"The way we sample things, we take building blocks to make something new. But that's influence. That's the way music works, whether it's Paul McCartney, hearing some avant-garde composers or whatever. Most music is secondhand in that way. It comes from something else. But if you do something exciting and innovative with it, that's the difference. No one wants to hear just a simple rehash of something else. People can see if something is just the same old thing dressed up differently."

As unwilling as the Brothers may be to shoulder the electronica genre label, their commercial and critical success does highlight the ever grayer area in pop music between the Chemmies' portable and recordable dance parties and the guitar-slinging shtick offered up by your average hot-selling, touring rock entity. After all, the Brothers play rock venues and sell CDs (lots of them), yet they don't sing or play guitars; there isn't a drum kit to be found on their stage and, as Rowlands puts it, "You get the live show as long as you're standing near a speaker.

"But blues was the raw material for Led Zeppelin to be Led Zeppelin, wasn't it? I don't know if I'm using samples in such a tactile way. Our music is more than the sum of its parts."

Besides, the Chemical Brothers are still party hosts at heart, ever mindful of the emotional impact of their rock-oriented "songs," an attitude which sets them apart from the typical blipping techno head game -- that is, they offer something more than sound effects and an opportunity to count beats per minute. The life and humanity they breathe into the complex electronic arrangements on Dig Your Own Hole -- via appearances by vocalists Noel Gallagher (of Oasis) on "Setting Sun," and British nightingale Beth Orton on "Where Do I Begin?" -- might be the best evidence yet that these machine-music makers can be just as warm-blooded as the next humanoid.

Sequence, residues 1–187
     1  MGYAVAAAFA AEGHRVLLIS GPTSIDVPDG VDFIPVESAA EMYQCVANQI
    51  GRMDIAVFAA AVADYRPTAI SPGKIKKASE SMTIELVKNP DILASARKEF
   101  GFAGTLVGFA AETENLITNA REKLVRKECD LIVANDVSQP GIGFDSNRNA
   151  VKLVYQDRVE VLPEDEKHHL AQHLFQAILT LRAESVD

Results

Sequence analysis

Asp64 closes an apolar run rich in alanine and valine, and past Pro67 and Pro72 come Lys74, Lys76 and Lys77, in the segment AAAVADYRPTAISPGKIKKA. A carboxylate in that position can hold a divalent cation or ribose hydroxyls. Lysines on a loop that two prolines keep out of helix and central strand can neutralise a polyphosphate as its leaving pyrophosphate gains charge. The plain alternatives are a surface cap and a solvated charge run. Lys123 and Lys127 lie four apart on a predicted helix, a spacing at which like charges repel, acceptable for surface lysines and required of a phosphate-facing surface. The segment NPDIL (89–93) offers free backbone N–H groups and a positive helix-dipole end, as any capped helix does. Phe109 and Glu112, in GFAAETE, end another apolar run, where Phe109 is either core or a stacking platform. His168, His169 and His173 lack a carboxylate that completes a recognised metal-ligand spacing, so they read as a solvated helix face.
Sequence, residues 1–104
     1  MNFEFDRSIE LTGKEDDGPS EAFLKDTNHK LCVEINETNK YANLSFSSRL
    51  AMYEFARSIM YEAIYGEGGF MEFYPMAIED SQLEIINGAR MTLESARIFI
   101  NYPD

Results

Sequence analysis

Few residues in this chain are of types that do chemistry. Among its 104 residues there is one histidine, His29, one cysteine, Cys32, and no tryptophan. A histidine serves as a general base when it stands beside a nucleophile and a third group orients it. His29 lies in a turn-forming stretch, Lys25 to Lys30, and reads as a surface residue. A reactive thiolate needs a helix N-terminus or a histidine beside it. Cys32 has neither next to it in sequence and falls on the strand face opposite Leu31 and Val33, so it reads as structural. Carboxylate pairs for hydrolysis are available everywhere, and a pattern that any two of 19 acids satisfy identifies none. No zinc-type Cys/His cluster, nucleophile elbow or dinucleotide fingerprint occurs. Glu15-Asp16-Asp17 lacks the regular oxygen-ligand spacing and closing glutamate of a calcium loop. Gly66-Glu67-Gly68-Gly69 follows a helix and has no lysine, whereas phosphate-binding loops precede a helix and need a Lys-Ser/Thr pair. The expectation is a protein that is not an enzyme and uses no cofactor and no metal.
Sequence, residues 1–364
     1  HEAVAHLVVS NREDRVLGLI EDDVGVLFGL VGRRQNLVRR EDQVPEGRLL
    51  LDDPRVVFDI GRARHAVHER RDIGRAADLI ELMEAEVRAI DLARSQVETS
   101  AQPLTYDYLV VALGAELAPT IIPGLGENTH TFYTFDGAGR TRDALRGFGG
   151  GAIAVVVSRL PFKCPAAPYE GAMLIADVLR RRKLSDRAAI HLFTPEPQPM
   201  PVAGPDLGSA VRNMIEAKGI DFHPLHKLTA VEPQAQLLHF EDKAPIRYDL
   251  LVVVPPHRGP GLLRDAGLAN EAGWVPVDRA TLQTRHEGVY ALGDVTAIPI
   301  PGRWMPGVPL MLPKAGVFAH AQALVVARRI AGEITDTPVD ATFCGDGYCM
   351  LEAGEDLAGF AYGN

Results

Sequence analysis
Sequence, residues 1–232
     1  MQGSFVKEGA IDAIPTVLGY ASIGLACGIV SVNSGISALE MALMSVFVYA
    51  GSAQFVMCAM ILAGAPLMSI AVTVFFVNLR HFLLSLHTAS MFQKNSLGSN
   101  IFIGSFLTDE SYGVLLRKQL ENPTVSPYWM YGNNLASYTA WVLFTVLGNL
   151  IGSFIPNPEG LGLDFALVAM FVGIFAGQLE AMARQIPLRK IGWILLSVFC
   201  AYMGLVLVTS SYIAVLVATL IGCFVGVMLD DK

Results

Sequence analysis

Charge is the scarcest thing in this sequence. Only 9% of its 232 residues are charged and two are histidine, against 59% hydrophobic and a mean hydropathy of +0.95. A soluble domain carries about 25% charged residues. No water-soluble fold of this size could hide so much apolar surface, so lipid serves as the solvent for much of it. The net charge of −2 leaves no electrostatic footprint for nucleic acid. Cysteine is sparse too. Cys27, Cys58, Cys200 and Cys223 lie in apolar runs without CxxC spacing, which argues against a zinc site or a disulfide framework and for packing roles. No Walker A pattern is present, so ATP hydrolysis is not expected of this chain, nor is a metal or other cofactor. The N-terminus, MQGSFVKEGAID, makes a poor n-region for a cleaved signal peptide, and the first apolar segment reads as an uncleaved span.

Yet even in the company of borrowed pop stars, the Chemical Brothers aren't your everyday rock band. Their electronic take on organic music seems to come naturally for two blokes who grew up with rapidly advancing technology and fell under the spell of dance luminaries such as Coldcut, Renegade Soundwave and Depth Charge. Feed that into a blaringly obvious admiration for rock, add a lot of innovation and you have the formula that brought the Chemical Brothers to the forefront of pop (first in the U.K. and Europe, but coming soon to a rock house near you).

"We grew up with electronics and organic, acoustic instruments at the same time," Rowlands says. "I think that's somewhere near the foundation of what we do.

"It's beyond just the nuts and bolts of samples. The thing that influences us is the mood of music. Say we're listening to 'Tomorrow Never Knows' by the Beatles. We were playing that in nightclubs, and it's just the most disorientating kind of psychedelic song you'll ever hear. We would never sample the Beatles. But we wanted to get the feel and the same emotional impact that this record has when we were playing in nightclubs.

"From that influence we made 'Setting Sun.' And it wasn't directly sampling someone, but trying to achieve that same effect it had on other people. The same as Keith Richards being influenced by Howlin' Wolf." Norene Cashen writes about music for the Metro Times. E-mail